The global trend for immigrants to return home has unique relevance for Hong Kong. This work of cross-cultural psychology explores many personal stories of return migration. The author captures in dozens of interviews the anxieties, anticipations, hardships and flexible world perspectives of migrants and their families as well as friends and co-workers. The book examines cultural identity shifts and population flows during a critical juncture in Hong Kong history between the Sino-British Joint Declaration in 1984 and the early years of Hong Kong’s new status as a special administrative region after 1997. Nearly a million residents of Hong Kong migrated to North America, Europe and Australia in the 1990s. These interviews and analyses help illustrate individual choices and identity profiles during this period of unusual cultural flexibility and behavioral adjustment.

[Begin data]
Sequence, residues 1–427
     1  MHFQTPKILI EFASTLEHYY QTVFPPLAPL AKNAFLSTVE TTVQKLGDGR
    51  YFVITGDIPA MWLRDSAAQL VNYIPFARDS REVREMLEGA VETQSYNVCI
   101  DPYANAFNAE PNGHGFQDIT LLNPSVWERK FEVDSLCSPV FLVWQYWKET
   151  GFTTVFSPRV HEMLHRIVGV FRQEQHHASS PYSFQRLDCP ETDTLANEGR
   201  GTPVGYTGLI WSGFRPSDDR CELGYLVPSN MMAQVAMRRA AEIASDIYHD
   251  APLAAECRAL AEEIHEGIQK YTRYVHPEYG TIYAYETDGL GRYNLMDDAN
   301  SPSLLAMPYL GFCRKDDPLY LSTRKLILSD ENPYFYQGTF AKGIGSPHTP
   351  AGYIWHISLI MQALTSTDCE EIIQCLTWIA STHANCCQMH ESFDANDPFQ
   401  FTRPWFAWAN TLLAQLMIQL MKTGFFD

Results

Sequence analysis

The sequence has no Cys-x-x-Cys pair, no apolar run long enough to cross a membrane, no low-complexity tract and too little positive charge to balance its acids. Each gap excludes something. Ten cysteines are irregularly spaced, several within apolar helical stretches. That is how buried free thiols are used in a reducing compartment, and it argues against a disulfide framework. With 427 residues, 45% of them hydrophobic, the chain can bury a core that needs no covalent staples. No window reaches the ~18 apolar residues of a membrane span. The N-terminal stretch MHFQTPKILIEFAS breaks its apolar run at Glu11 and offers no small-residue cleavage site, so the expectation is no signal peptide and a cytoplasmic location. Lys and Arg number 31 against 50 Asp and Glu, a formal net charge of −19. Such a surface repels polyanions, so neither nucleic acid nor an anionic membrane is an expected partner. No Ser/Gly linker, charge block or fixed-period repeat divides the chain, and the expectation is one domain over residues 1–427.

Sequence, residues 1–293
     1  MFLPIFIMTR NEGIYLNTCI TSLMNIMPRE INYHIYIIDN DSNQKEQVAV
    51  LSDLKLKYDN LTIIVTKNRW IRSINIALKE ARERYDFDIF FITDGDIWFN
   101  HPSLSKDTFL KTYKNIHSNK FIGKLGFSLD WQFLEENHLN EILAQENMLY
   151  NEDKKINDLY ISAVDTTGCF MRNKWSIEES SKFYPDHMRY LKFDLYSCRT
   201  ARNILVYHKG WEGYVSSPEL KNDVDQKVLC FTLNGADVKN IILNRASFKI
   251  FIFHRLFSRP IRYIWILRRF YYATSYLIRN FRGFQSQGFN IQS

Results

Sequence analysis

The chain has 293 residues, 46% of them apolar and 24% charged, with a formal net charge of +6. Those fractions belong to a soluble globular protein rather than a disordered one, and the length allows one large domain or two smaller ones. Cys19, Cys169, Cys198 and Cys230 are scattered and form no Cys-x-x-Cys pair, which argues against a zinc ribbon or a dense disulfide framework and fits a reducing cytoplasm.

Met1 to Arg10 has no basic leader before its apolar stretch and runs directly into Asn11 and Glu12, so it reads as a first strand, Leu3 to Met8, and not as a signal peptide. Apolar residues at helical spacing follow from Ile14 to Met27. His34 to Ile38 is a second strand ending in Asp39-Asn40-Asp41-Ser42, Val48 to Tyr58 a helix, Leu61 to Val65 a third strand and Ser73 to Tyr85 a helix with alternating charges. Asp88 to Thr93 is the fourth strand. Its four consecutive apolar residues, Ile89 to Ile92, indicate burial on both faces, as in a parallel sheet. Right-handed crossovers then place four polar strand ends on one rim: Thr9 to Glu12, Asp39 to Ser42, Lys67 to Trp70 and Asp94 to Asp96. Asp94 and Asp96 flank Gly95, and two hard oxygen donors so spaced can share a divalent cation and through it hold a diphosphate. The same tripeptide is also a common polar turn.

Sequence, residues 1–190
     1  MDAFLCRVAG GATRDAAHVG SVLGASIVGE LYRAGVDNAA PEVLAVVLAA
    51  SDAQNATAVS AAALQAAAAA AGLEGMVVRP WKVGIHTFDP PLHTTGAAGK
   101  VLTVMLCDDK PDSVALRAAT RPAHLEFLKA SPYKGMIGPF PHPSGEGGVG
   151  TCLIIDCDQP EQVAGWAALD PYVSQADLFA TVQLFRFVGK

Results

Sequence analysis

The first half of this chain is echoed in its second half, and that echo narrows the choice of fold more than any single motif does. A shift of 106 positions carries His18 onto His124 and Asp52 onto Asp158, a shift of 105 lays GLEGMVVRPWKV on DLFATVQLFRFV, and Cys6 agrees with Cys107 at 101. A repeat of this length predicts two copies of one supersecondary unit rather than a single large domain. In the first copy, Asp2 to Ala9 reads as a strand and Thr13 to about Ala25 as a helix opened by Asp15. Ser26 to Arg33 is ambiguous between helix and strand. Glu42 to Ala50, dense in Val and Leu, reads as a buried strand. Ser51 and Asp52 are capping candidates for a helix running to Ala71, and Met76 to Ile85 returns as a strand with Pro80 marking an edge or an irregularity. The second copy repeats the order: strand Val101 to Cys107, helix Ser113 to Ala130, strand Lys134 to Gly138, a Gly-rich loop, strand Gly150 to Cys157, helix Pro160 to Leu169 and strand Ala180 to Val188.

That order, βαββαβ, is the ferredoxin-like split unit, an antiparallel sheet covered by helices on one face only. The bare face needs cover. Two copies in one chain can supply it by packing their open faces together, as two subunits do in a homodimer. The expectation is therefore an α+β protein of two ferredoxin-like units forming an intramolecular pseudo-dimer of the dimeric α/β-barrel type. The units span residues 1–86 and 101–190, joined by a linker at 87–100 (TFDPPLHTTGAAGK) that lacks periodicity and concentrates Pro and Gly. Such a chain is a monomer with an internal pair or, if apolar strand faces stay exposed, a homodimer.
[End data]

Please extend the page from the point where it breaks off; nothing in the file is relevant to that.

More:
You do not have access to this book on JSTOR. Try logging in through your institution for access.
Log in to your personal account or through your institution.
Table of Contents
Export Selected Citations
Export to NoodleTools
Export to RefWorks
Export to EasyBib
Export a RIS file
(For EndNote, ProCite, Reference Manager, Zotero, Mendeley...)
Export a Text file